Goldman Sachs ( GS) shined through the dark clouds hanging over Wall Street, as strong trading results powered its third-quarter numbers past analysts' estimates.

Goldman made $2.85 billion, or $6.13 a share, for the quarter ended Aug. 31, up from the year-ago $1.59 billion, or $3.26 a share. Revenue surged to $12.33 billion from $7.58 billion a year earlier.

Analysts surveyed by Thomson Financial were looking for a profit of $4.35 a share on revenue of $9.57 billion.

"Given the difficult environment of the third quarter, many of our businesses were challenged," said CEO Lloyd C. Blankfein. "But overall, the quality of our franchise produced strong results as clients continue to look to us for advice and execution. The strength of our client relationships, the diversity of our businesses, and the talent and teamwork of our people continue to drive our performance."

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Trading revenue surged 70% from a year ago and 24% sequentially to $8.23 billion. Investment banking revenue jumped 67% from a year ago to $2.15 billion, and underwriting revenue rose 8% to $733 million.

The news comes as investors have been bracing for weaker numbers at the big investment banks, as the collapse of the mortgage business has led to a credit crunch that threatens to weigh down balance sheets with debt tied to leveraged buyouts.

Goldman wasn't immune to the troubled credit markets. The company reported a loss of $1.71 billion related to non-investment grade credit origination. The loss was $1.48 billion after hedging activities.

Goldman said revenue from mortgages was "significantly higher despite continued deterioration in the market environment." It said that "significant losses" on nonprime loans and securities were more than offset by gains on short mortgage positions.

One brokerage that showed more evidence of credit-related problems was Bear Stearns ( BSC), whose profit fell sharply from a year ago and missed reduced analyst estimates.

Bear Stearns profit plunged 61% in the third quarter after the company reported $200 million in losses from two hedge funds that made big bets on the subprime mortgage business as well as significantly lower revenue from its fixed income business.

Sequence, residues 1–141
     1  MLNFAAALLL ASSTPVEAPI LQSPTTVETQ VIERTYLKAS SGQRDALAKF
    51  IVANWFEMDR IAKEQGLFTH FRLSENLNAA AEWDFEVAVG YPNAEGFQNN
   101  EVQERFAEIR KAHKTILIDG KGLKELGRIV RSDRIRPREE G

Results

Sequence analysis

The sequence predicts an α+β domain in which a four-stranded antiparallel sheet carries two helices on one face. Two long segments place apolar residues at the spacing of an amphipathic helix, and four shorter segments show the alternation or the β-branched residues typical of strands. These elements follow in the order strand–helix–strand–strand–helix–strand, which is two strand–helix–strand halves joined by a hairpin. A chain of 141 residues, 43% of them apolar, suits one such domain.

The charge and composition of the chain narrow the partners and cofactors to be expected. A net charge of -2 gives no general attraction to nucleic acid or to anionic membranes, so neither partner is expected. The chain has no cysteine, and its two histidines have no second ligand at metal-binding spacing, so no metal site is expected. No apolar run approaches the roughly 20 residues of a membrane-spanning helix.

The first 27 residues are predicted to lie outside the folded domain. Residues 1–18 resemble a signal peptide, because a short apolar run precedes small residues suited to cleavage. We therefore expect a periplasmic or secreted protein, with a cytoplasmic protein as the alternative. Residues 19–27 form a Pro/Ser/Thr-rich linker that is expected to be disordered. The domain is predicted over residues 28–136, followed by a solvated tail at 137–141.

On the other hand, Bear Stearns made $171.3 million, or $1.16 a share, compared to $438 million, or $3.02 a share, in the year-earlier period. Revenue slumped 38% to $1.3 billion.

Analysts expected the New York securities firm, which is thought to have the most exposure to the deteriorating mortgage industry, would make $1.78 a share on $1.6 billion of revenue.

Bear Stearns said earnings results included approximately $200 million in losses and expenses related to the BSAM High-Grade hedge funds. Earlier this summer the company warned that the two funds were essentially worthless after losses on big subprime mortgage bets.

"The third quarter was characterized by extremely difficult securitization markets and high volatility levels across asset classes. While our fixed income results clearly reflect these market conditions, we reported solid revenues in investment banking and record revenues in global equities and global clearing services," said CEO James E. Cayne. "I am confident in the underlying strength of our business and proud of the effort and determination displayed by our employees during these challenging times."

Revenue from Bear Stearns' capital markets segment dropped 36% to $1 billion primarily from lower business in its fixed income unit. Fixed income plummeted 88% to $118 million as market conditions in both the mortgage and credit businesses turned "extremely challenging."

Earlier this week Lehman Brothers ( LEH) and Morgan Stanley ( MS) reported lower earnings tied to losses from leveraged loan commitments that sat on the companies' books as the credit crunch intensified this summer.

Goldman shares rose $5.37 to $210.87 early Thursday, while Bear rose $1.33 to $116.95.

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